Global NATO Raises Alarms From Arctic To Brazil
The current century's only and history's largest military bloc will hold the latest of what have become annual summits in Lisbon, Portugal this November 19 and 20. Heads of state, defense chiefs and chiefs of general staff from the North Atlantic Treaty Organization's 28 full members will be in attendance, as will be leaders from an unannounced number of the military alliance's forty some odd partner states.
Starting last year a 12-member Group of Experts headed by former U.S. Secretary of State Madeleine Albright and ex-president and chief executive officer of Royal Dutch Shell Jeroen van der Veer toured Europe and North America to promote NATO's new Strategic Concept, its first in the 21st century as the current version was adopted in 1999, the year of the bloc's first expansion into Eastern Europe and its 78-day air war against Yugoslavia, the first military assault against a sovereign nation in Europe since World War II.
On May 17 of this year Albright and her cohorts submitted their recommendations - a set of already determined priorities for the expanding military alliance - to the North Atlantic Council, NATO's top governing body, to be formally endorsed at the Lisbon summit. 
The new Strategic Concept will elaborate upon and extend the policies of its predecessor and will reflect the past decade's transformation of an erstwhile Cold War-era alliance into an increasingly global warfighting machine. One which has grown in the interim from 16 to 28 full members, the 12 new inductees all in Eastern Europe, 10 of them former members of the Warsaw Pact and three of those ex-Soviet republics.
When the 1999 Strategic Concept was approved NATO was conducting its first full-blown war, Operation Allied Force, a nearly three-month-long relentless bombing campaign against Yugoslavia, followed by the deployment of 50,000 troops under NATO command to the Serbian province of Kosovo.
Two years afterward the North Atlantic bloc intervened in an armed conflict in Macedonia, itself the offshoot of NATO's war against Yugoslavia, with the deployment of troops under the banner of Operation Amber Fox.
Since 2001 all Balkan nations, including ones that did not exist as the time, have become NATO members or partners. 
In the same month, September, NATO activated its Article 5 collective military assistance provision for the first time in its then 52-year history the day after the September 11 attacks in the United States, although no state actor had been accused of perpetrating them. In so doing it committed itself to the following month's invasion of Afghanistan and all that has ensued.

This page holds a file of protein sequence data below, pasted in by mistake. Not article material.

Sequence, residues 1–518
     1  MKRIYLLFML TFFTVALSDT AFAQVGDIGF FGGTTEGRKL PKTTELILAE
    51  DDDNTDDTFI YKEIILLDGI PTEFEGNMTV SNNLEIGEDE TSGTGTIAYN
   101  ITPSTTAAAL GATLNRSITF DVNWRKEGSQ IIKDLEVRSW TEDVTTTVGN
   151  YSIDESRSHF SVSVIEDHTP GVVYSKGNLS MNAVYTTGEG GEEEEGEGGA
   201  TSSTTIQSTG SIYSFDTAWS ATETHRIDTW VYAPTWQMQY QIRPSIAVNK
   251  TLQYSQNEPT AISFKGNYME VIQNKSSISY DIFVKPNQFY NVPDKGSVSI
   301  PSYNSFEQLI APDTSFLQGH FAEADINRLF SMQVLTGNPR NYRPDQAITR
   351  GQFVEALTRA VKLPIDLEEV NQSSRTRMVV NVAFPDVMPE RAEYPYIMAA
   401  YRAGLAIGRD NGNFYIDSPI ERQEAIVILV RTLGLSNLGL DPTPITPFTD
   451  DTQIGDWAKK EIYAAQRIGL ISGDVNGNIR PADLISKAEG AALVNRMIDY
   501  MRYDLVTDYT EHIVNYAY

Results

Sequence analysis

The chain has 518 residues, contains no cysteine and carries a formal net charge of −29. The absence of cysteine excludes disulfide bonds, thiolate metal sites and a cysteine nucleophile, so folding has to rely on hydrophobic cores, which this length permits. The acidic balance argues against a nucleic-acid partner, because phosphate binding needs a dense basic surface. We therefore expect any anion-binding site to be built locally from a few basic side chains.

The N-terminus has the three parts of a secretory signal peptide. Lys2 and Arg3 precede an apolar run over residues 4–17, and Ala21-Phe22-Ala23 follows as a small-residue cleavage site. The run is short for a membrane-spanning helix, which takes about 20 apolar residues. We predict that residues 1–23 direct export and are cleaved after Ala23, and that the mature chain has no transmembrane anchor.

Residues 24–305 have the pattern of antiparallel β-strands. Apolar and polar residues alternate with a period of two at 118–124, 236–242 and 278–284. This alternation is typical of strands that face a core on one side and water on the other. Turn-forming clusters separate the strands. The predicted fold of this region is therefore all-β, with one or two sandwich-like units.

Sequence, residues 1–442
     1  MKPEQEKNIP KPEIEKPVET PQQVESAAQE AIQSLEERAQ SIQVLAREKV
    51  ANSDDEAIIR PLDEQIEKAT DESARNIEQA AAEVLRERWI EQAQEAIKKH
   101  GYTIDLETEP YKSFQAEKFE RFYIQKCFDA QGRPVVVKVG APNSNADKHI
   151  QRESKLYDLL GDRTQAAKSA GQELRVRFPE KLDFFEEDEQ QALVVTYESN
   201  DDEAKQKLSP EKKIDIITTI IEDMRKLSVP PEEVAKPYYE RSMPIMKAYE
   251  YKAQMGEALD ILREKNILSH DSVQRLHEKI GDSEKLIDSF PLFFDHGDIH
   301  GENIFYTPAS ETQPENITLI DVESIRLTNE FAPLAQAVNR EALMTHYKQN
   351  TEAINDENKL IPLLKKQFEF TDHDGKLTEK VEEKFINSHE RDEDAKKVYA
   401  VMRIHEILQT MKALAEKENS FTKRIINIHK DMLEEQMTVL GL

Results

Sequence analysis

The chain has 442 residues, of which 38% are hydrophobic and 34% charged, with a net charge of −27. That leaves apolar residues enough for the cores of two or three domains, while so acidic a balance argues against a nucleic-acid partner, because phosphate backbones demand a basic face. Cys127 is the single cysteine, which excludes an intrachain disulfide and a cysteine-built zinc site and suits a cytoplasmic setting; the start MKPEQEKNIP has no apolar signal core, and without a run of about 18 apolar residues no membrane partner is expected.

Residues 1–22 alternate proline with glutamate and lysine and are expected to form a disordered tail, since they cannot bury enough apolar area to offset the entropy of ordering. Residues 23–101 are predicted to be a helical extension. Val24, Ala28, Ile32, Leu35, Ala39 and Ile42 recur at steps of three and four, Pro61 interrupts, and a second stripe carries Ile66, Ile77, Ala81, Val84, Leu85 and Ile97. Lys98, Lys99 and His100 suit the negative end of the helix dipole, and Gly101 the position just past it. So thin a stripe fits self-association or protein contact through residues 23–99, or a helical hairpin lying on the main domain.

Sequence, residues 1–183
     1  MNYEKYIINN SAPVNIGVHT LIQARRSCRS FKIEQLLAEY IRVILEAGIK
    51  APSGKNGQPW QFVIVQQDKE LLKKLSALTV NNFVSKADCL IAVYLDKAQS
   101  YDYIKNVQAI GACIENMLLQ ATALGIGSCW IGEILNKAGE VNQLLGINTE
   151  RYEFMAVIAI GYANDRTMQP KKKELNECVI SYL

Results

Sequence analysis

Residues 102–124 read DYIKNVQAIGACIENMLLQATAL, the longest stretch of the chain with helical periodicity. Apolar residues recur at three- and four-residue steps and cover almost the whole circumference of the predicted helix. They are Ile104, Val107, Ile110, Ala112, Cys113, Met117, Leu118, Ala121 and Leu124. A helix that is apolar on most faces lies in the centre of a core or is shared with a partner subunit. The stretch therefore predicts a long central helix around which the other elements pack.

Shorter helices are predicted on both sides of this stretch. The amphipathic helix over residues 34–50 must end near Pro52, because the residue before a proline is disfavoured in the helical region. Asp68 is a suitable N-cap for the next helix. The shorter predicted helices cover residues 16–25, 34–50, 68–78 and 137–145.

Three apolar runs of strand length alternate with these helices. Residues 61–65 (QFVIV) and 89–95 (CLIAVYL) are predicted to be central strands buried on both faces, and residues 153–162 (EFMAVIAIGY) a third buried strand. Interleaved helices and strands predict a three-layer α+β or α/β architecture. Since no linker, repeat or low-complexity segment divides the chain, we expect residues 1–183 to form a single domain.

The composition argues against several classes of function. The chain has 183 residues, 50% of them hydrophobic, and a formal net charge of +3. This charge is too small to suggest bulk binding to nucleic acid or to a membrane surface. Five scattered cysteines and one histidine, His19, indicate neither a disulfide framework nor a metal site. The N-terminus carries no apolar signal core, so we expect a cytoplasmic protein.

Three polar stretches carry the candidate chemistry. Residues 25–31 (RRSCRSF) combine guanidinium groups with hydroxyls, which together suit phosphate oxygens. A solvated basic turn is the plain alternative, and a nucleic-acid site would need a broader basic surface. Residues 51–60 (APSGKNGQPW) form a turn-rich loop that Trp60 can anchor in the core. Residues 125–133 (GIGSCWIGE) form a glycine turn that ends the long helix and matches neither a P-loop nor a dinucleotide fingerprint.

The war in Afghanistan will enter its tenth year almost two months before this year's NATO summit and there are currently 150,000-strong foreign troops in the war zone, 120,000 from 50 nations serving under NATO's International Security Assistance Force. The Alliance also has bases in Kyrgyzstan, Tajikistan and Uzbekistan and has conducted shelling and helicopter and special forces raids inside Pakistan.
After invoking its war clause on September 12, 2001, NATO launched the ongoing Operation Active Endeavor naval surveillance and interdiction mission throughout the entire Mediterranean Sea, which will last as long as NATO itself does.
NATO has also run troop airlift operations in Africa, first in the Darfur region of western Sudan and later in Somalia. Since 2008 it has conducted naval surveillance, interdiction and boarding operations off the Horn of Africa.
The NATO Training Mission - Iraq continues to instruct Iraqi officers and soldiers inside the country and at NATO facilities in Europe. 
What has occurred since and as a result of the adoption of the last Strategic Concept at the 50th anniversary summit in Washington, D.C. while the Czech Republic, Hungary and Poland were welcomed as member states and bombs and cruise missiles descended on Yugoslavia, is a qualitative transformation of the U.S.-dominated, European-based military alliance into an international intervention and occupation force.
In 2003 the bloc launched its first rapid reaction force, the NATO Response Force, described by NATO as to consist of 25,000 troops "capable of performing missions worldwide across the whole spectrum of operations."  Its initial test was in the Steadfast Jaguar exercise in the African nation of Cape Verde in 2006 with 7,800 troops, U.S. F-16s, German armored vehicles and Spanish helicopters. NATO's first major deployment on African soil.
What has transpired in the interim is what Ivo Daalder, now U.S. permanent representative (ambassador) to NATO, advocated in a 2006 article in Foreign Affairs appropriately titled "Global NATO": The Alliance has expanded into not only a combat-capable and expeditionary organization but one with members and partners far from its original area of responsibility and one conducting operations around the world.